Coconut water – the “wonder drink” – is the answer to your stifling summers. Exactly where coconuts originated is not known for sure, but many historians believe Malaysia and Indonesia grew the world’s first coconuts.
Considered the most useful tree in the world, the coconut palm provides food, drink, clothing, shelter, heirloom history, and financial security. Hardly an inch of the coconut palm goes to waste in rural South India where families rely on the coconut palm for survival and refer to it as the “tree of life.”
Sanskrit writings reveal that the people of India were using coconuts as a staple for food and various everyday needs. In India, the coconut palm was known as kalpa vriksha, which translates as “tree that gives all that is necessary for living.”
According to Ayurveda, “Coconut water is pure, sweet, helps in increasing semen, promoting digestion and clearing the urinary path.”
The water of fresh tender coconut [king coconut or “Thembili” and “Weware”] which is the liquid endosperm is the most nutritious wholesome beverage that nature has provided for people to fight the sultry heat. It has a caloric value of 17.4 per 100 gm.
Coconuts come to market in two major stages of maturity. Young coconuts are prized for their sweet, revitalising juice. The skin of tender coconut – which is soft and delicately sweet – is gaining interest among innovative raw foodists.
Water from a young coconut not only provided a refreshing drink in hot countries, but in times of medical emergency it was used as a substitute for glucose. During World War II, coconut water became the emergency glucose supply when there was no other sterile glucose available. Within a clean self-contained vessel, the coconut water is free of impurities.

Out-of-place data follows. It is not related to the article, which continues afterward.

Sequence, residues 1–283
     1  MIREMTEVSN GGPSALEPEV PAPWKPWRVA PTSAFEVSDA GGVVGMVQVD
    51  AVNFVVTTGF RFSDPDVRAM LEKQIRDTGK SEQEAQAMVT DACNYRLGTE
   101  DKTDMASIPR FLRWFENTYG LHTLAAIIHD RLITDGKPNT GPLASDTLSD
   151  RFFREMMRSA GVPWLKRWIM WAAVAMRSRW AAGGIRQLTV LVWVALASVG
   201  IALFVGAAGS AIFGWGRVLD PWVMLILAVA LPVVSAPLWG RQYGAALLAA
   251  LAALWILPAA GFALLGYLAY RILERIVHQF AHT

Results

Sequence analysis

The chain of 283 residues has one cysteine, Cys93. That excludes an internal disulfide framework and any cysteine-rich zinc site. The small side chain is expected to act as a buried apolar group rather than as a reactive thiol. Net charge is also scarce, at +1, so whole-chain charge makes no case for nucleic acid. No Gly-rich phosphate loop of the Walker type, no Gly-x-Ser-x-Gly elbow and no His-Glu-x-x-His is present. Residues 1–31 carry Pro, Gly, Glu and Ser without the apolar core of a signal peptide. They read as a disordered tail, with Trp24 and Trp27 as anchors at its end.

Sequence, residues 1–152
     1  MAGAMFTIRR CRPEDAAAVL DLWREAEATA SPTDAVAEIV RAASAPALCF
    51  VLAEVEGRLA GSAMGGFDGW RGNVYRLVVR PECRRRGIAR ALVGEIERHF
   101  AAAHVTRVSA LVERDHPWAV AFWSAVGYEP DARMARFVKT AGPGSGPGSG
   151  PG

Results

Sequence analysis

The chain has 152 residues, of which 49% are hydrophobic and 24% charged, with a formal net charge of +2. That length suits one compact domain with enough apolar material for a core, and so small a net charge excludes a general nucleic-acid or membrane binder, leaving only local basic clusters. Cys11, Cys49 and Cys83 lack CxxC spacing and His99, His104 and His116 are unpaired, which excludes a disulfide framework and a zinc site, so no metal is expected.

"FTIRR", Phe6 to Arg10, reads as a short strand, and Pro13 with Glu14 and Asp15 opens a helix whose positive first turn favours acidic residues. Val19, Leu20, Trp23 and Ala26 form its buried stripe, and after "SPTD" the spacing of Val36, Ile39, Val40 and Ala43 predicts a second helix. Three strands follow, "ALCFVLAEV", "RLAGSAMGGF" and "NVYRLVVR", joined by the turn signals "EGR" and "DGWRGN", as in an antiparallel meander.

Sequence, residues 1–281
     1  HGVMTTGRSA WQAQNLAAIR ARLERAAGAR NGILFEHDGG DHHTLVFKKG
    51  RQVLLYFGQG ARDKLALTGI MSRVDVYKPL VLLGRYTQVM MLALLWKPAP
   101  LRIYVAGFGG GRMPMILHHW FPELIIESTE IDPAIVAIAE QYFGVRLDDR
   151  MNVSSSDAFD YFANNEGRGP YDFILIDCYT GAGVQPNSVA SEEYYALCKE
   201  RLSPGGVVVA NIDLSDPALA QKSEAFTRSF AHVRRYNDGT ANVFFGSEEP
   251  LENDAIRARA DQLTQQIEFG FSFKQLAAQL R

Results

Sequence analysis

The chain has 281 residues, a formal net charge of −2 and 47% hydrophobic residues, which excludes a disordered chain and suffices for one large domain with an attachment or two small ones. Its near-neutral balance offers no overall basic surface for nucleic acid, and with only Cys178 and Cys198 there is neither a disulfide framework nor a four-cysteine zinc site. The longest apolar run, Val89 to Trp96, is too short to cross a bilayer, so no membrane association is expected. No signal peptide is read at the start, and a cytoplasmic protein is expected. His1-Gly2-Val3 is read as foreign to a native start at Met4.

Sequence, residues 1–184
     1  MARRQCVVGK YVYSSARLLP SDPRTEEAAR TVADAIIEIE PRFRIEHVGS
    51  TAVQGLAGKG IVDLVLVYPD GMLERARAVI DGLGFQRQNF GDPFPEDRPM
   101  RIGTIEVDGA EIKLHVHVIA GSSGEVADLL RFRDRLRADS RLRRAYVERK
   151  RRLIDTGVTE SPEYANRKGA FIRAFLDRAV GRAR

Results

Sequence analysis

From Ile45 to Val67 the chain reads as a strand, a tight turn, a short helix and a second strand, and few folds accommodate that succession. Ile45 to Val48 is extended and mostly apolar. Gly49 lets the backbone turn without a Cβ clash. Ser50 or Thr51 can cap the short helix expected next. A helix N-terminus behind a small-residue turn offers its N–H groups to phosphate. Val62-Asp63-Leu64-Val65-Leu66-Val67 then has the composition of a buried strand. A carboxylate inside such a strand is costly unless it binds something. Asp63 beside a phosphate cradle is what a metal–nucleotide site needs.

Health benefits of coconut water
Coconut water is naturally sterilised mineral water. It acts as anti-dote to the side-effects of medicines. It is completely safe for babies. Tender coconut juice is a well-supplied medicine chest that comes in its own container and is used in healing a number of ailments: relieving fevers, headaches, stomach upsets diarrhoea and dysentery. The juice is also given to strengthen the heart and restore energy to patients. Pregnant women drink young coconut juice as it will give their babies strength and vitality.
Some benefits of tender coconut water:
- Good for feeding infants suffering from intestinal disturbances.
- Oral re-hydration medium. It also helps in digestion.
- Contains organic compounds containing growth-promoting properties.
- Keeps the body cool.
- Application on the body prevents prickly heat and summer boils and subsides the rashes caused by small pox, chicken pox and measles.
- Presence of saline and albumin makes it a good drink in cholera cases.
- Excellent tonic for the old and the sick.
- Diuretic [a substance which tends to increase flow of urine].
- Can be injected intravenously in emergency cases such as cholera and dysentery when other pyrogen-free fluids are not available.
- Can be used as a blood plasma substitute because it is sterile, pyrogen — free and does not produce heat, and does not destroy blood cells.
- Aids the quick absorption of drugs and makes their peak concentration in the blood easier by its electrolyte effect.
- Urinary antiseptic and eliminates poisons in case of mineral poisoning.
- Regular face cleaning with coconut water removes black marks and pimples.
The water-of-coconut is rich in mineral, carbohydrates, proteins, staple fibres and vitamins. Tender coconut water contains most of the minerals such as potassium [290 mg], Sodium [42 mg], calcium [44 mg], magnesium [10 mg], phosphorus [9.2 mg], iron [106 mg], and copper [26 mg].
For your health, coconut water:
- Re-hydrates naturally, free of added sugars or chemicals
- Lowers arterial pressure
- Eliminates swelling in hands and feet
- Normalises the intestinal function and raise metabolism
- Relieves spasms and stomach pain
- Eases burns
- Heals damage induced by antibiotics and toxins in the digestive tract.
The liquid inside a young coconut is plentiful, sweet, and nourishing. Use a strong, sharp knife to whack off the top of the coconut, poke a hole in the top, and insert a straw. You’ll be surprised at just how much thirst-quenching, delightfully sweet liquid is inside.
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